this chapter will identify a research gap that currently exists between student outcomes related to advising and how advising is delivered.

Key Institutional Factors Traditionally Associated with Student Retention

To better understand the relationship between academic advising and student retention, it is important to look at the overall factors identified through research as associated with student retention. In 1991, Pascarella and Terenzini reviewed a

substantial body of literature and research indicating that completion of the baccalaureate degree is a central determinant of occupational status and income. Since 1991, both researchers have devoted more time to extending and expanding their work on factors related to educational attainment. In their pre-1990 literature review, Pascarella and Terenzini (2005) found several college experiences that seemed to promote educational attainment and student persistence independent of institutional and student

characteristics. In other words, these experiences were consistent across institutional type and student demographics. One significant finding was that “…the degree of a student’s integration into campus social systems had positive net effects on attainment” (p. 395). The more integrated a student is in campus social systems, the greater the chance that student will persist to graduation. The authors also found the following factors to be tied with educational attainment and persistence: living on campus instead of off-campus, being involved in a living-learning center on campus, participating in student orientation and first-year seminars, and working part-time on campus rather than off-campus, among others.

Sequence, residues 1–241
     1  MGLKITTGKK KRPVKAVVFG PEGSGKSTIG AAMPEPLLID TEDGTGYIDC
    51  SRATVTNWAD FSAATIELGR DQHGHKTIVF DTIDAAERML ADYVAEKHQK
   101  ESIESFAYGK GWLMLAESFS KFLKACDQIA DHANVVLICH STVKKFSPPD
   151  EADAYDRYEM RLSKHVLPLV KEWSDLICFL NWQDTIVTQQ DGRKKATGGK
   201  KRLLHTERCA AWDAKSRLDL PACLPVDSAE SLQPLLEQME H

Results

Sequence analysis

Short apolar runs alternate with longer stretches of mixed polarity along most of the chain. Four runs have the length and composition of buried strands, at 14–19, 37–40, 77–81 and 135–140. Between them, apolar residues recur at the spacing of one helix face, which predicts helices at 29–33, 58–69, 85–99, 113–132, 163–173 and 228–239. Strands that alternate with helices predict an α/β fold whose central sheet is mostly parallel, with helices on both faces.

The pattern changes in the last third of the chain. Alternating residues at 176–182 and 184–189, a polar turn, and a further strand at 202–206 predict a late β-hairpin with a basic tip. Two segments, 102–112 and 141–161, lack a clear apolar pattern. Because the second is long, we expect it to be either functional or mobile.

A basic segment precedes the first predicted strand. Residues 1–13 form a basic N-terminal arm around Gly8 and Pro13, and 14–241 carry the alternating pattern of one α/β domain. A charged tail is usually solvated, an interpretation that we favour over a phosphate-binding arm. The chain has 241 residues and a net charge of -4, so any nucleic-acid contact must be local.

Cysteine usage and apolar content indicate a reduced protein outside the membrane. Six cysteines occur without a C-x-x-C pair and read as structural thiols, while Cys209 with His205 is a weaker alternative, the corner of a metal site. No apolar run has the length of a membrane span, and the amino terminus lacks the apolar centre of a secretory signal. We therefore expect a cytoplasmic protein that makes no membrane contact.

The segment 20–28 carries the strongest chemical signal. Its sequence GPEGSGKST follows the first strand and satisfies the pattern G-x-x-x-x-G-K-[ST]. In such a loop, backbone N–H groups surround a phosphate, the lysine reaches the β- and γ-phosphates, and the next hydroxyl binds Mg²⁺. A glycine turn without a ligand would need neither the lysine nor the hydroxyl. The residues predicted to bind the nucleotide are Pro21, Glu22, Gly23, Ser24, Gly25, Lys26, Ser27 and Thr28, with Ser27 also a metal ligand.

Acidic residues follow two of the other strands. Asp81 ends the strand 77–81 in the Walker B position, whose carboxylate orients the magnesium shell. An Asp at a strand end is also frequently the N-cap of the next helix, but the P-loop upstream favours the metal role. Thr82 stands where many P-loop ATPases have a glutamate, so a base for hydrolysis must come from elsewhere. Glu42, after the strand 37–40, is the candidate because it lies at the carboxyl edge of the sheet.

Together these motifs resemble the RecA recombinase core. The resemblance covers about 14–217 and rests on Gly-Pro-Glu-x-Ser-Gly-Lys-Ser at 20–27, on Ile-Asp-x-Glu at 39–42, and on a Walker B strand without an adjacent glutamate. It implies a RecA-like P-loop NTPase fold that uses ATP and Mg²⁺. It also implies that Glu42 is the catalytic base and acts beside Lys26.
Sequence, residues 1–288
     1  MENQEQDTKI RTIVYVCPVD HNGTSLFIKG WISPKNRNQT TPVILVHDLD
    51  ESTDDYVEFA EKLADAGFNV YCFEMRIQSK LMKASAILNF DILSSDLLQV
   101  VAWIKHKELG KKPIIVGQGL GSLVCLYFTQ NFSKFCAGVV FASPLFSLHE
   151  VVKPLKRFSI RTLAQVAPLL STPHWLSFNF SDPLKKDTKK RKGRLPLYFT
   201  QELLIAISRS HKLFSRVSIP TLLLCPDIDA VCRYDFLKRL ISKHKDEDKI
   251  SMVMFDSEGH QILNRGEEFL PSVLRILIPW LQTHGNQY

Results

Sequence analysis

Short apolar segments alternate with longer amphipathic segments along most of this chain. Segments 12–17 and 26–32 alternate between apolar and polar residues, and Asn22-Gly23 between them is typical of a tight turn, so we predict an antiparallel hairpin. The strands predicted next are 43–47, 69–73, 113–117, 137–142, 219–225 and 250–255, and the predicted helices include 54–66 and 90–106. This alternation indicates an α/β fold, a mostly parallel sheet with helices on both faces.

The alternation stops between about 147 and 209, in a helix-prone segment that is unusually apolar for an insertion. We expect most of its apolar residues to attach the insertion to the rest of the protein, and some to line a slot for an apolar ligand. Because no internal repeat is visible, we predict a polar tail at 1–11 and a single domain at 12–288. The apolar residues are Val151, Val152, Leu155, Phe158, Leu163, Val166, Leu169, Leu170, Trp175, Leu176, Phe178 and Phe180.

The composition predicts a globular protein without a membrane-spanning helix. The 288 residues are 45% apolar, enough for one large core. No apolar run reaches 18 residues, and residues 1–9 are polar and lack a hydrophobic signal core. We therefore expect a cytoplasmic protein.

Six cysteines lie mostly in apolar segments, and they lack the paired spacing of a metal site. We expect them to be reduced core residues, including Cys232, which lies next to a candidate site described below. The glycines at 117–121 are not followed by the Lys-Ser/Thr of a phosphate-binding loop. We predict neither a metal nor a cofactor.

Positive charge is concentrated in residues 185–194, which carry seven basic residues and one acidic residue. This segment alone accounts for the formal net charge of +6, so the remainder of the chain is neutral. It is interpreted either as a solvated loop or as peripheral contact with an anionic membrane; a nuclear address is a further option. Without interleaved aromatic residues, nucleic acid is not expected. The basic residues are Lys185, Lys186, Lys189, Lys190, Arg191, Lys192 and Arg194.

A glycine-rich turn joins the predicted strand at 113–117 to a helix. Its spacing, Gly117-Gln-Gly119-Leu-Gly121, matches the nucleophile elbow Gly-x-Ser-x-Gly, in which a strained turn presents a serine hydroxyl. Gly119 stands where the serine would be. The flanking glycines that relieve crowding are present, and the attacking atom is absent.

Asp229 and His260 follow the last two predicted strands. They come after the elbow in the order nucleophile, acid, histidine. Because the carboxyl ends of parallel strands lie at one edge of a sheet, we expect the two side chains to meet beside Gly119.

Subsequent work in the 1990s focused on “conditions and student experiences that influence persistence and educational attainment independently of the characteristics of the institutions students attend” (Pascarella & Terenzini, 2005, p. 396). Not

surprisingly, the authors found college student grade performance to be the single best predictor of student persistence, degree completion, and graduate school enrollment; this finding was consistent regardless of precollege, academic, socioeconomic, demographic, and even within-college experiences. The authors also found that the first year of a student’s academic performance is the most predictive when looking at first to second term progression, first-to-second year progression, and beyond the second year for both two year and four year institutions. Additional findings indicate that academic